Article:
Another surprising change in Hong Ha is the decrease in the average household size from about six members in 1998 to four members in 2017 (Figure 6). A decreasing average household size is surprising, because larger households can invest more labor into crop production and the management of Acacia plantations, which is advantageous in both cases [32,33]. At the same time, larger households need to maintain less housing facilities and, hence, save valuable fuelwood and building materials [32]. One potential reason for the decrease in household size in Hong Ha is the bad implementation of land use laws. Land boundaries in the settlement area remain unclear and poorly enforced, which enables small households such as the ones of newly married couples to settle freely on new lands and establish new Acacia plantations [32]. Other potential reasons are a change in social norms, such as an increasing preference of young people to leave parental homes or an increasing acceptance of divorces, similar as in Wolong (China) [63], or the effects of the national two-child policy proclaimed in 1988 [64]. Nevertheless, an implementation of the two-child policy in Hong Ha was not mentioned in the reviewed literature and, hence, may have had little significance for commune households. Indeed, in the nearby Nam Dong District, the two-child policy was implemented as late as 2010 [65], indicating a lax implementation in the highland of Thua Thien Hue Province. Migration is another important factor for demographic change. In-migration, however, likely contributed little to the increase in the household number after 1999, as migration to Hong Ha was reported to have gradually decreased between the national resettlement policies in the 1970s and 2008 [32]. Furthermore, out-migration has likely contributed little to the decrease in the average household size from 1999. While out-migration, in the form of temporary labor migration is an important coping strategy after natural disasters in highland areas [66], field surveys in Hong Ha Commune between 2000 and 2004 indicated that few locals migrated for work to other areas after 1999 [15]. One potential reason for this may have been that households needed all available labor for food production [15]. For the protection of forest resources in Hong Ha household size matters, as smaller households have a larger resource demand per capita, leading to an overall larger impact of the total population on forests at the same population size. In coupled systems in Wolong (China) and Chitwan (Nepal), household proliferation was linked to environmental degradation, contributing to decreases in wildlife habitat [29].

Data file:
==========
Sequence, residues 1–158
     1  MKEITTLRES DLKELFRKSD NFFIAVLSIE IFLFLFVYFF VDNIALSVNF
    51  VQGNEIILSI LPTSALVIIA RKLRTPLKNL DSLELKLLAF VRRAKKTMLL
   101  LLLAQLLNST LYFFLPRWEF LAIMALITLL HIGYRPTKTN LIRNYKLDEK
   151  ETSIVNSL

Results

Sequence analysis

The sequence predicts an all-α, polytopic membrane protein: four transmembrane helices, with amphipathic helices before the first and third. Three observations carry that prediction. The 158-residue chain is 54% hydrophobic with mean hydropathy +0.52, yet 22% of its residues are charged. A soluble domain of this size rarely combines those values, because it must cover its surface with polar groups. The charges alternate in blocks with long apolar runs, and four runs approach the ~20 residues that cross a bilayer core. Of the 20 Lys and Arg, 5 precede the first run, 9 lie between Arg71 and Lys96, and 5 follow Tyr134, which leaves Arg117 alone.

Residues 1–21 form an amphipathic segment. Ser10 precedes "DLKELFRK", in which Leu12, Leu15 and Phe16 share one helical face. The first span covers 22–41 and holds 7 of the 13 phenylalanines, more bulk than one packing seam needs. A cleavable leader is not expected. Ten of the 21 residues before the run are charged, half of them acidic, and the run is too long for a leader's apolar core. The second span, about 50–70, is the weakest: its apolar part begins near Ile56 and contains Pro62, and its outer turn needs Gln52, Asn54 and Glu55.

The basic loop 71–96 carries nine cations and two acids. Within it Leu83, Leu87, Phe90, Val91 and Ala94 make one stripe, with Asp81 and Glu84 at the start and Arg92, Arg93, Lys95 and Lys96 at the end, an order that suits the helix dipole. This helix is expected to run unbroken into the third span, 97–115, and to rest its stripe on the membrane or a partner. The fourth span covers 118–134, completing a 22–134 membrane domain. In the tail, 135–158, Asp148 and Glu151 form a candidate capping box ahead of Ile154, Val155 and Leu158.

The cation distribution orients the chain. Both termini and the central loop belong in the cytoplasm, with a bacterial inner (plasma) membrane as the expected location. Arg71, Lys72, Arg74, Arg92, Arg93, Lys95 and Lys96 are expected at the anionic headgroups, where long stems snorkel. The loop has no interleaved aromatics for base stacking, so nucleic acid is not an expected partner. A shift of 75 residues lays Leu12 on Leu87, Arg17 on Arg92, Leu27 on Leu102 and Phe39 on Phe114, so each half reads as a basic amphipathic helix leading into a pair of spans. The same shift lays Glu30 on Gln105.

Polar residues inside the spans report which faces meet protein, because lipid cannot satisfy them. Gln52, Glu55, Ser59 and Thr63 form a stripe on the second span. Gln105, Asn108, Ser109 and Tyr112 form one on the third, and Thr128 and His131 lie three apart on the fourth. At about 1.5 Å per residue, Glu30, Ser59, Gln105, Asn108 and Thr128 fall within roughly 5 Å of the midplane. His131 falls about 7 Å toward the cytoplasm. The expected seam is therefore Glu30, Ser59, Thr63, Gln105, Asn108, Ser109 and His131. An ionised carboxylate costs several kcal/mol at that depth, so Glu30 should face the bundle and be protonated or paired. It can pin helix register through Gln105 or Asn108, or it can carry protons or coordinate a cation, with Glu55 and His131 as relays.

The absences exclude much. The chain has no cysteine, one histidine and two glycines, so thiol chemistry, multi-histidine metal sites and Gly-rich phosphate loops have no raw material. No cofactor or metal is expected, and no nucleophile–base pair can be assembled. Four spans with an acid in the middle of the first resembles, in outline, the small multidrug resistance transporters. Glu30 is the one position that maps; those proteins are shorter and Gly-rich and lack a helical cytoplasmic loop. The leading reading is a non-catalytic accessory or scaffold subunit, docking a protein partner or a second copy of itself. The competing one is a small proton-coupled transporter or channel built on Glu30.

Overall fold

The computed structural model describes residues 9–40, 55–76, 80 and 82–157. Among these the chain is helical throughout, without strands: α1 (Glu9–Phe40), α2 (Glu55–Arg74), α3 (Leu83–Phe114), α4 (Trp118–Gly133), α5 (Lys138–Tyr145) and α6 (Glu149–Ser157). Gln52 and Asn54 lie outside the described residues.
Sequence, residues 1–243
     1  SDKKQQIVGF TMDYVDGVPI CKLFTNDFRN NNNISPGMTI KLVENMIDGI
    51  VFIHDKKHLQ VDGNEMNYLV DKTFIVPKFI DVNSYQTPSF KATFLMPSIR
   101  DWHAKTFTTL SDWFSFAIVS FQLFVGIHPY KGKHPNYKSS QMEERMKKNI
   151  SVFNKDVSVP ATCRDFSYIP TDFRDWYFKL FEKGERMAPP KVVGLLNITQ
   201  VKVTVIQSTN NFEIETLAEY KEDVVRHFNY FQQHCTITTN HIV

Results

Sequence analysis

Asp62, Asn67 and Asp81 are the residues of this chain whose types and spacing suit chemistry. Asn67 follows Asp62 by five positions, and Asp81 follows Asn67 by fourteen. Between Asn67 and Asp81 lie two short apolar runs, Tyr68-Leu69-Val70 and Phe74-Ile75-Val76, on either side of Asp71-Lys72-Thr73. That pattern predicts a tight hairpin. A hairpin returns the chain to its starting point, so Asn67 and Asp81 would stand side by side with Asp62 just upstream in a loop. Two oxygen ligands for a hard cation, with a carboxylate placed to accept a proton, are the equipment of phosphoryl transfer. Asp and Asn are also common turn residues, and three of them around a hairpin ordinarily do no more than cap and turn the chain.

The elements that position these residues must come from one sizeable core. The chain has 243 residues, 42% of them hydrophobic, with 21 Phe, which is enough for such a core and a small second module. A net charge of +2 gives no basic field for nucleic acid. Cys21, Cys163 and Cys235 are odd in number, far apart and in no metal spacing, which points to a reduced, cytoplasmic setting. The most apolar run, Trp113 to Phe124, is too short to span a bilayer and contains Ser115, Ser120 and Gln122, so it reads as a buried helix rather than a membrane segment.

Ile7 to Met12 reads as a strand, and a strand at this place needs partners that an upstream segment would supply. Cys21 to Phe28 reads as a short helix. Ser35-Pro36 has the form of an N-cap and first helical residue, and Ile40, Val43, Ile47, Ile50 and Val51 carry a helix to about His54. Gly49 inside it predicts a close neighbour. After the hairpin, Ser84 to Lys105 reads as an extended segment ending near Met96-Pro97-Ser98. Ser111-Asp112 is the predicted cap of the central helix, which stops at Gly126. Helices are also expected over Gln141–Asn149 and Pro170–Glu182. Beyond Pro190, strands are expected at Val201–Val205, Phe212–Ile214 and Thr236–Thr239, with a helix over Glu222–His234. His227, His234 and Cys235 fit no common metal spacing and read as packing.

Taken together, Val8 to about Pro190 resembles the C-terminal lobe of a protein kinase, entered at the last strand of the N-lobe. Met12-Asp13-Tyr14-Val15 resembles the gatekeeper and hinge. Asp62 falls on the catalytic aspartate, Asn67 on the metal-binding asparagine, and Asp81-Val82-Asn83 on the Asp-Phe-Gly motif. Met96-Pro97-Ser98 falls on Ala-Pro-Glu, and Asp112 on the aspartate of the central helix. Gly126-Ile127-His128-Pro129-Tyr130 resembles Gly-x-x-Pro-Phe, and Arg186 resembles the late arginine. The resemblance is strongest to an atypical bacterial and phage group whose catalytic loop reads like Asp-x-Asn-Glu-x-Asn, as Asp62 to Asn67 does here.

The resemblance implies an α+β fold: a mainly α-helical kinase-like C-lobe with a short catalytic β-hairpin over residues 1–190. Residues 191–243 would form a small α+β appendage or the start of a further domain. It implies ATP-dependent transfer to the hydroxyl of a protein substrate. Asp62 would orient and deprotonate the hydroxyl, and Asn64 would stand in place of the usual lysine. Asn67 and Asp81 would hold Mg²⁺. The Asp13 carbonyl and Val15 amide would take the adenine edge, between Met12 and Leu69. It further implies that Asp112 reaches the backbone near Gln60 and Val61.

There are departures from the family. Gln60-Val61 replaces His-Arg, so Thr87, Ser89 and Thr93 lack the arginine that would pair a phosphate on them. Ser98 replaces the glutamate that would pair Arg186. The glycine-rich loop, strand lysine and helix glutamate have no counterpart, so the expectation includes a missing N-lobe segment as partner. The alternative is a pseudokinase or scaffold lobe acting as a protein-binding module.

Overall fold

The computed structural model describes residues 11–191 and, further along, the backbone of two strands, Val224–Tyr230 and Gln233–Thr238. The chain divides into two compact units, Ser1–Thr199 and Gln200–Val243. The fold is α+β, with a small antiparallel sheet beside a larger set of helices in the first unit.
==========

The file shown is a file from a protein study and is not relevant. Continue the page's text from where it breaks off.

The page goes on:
3.4. Heterogeneity

In coupled systems, socio-ecological dynamics vary spatially, temporarily, and across population groups [29,30,33]. For instance, the hilly landscape of Hong Ha Commune shows high spatial heterogeneity in the slope gradient. Slope gradients vary from below 5° in the flat land around the river to up to 25° in steeply sloped hillside land [33]. LUDAS-based estimates suggest that a doubling in the slope gradient of hillside crop land, with all other factors unchanged, leads to a significant reduction in the crop yield by ca. 27%, due to higher soil erosion on steeper slopes [33]. The resulting variation in crop yield across the landscape was suggested to contribute to the uncertainty among hillside farmers over what crop yield they can expect and, thus, limit their learning behavior in regard to land use [67]. Instead of making land use choices based on foreseeable outcomes of land use choices, they were more likely to change their land use strategy based on their current economic condition and the behavior of other farmers [67], which complexifies the response of farmers to land use policies. The significant amount of traditional knowledge on crop cultivation local farmers of ethnic minorities have accumulated certainly supports their decision-making in land use [31]. In the traditional land use system, the suitability of land for crop cultivation is determined by various factors including the slope gradient [31]. Land with a high slope gradient is commonly avoided or only cultivated for a small number of years to limit the impact of soil erosion [31]. Nevertheless, the strict forest protection policies, the growing local population, and the establishment of plantation forests have severely reduced the amount of land available to each farmer for crop cultivation, which has forced farmers to reduce fallow periods and use otherwise unsuitable land [31,32,33,68]. This has reduced the farmers’ ability to apply their traditional knowledge and, instead, required the unfamiliar application of modern fertilizers, pesticides, and irrigation systems [31]. In order to help farmers making better land use choices in the altered landscape, there have been considerable efforts by international organizations to develop and implement participatory farming approaches that merge traditional knowledge with modern farming techniques and new crops, such as the cassava project by the Nippon foundation or the vanilla project by Hue University and Kyoto University [14,69,70,71,72,73]. Recent, expert surveys in 2017 and 2018 indicated that farming skills in Hong Ha have, indeed, surpassed the ones in many neighboring communes [74].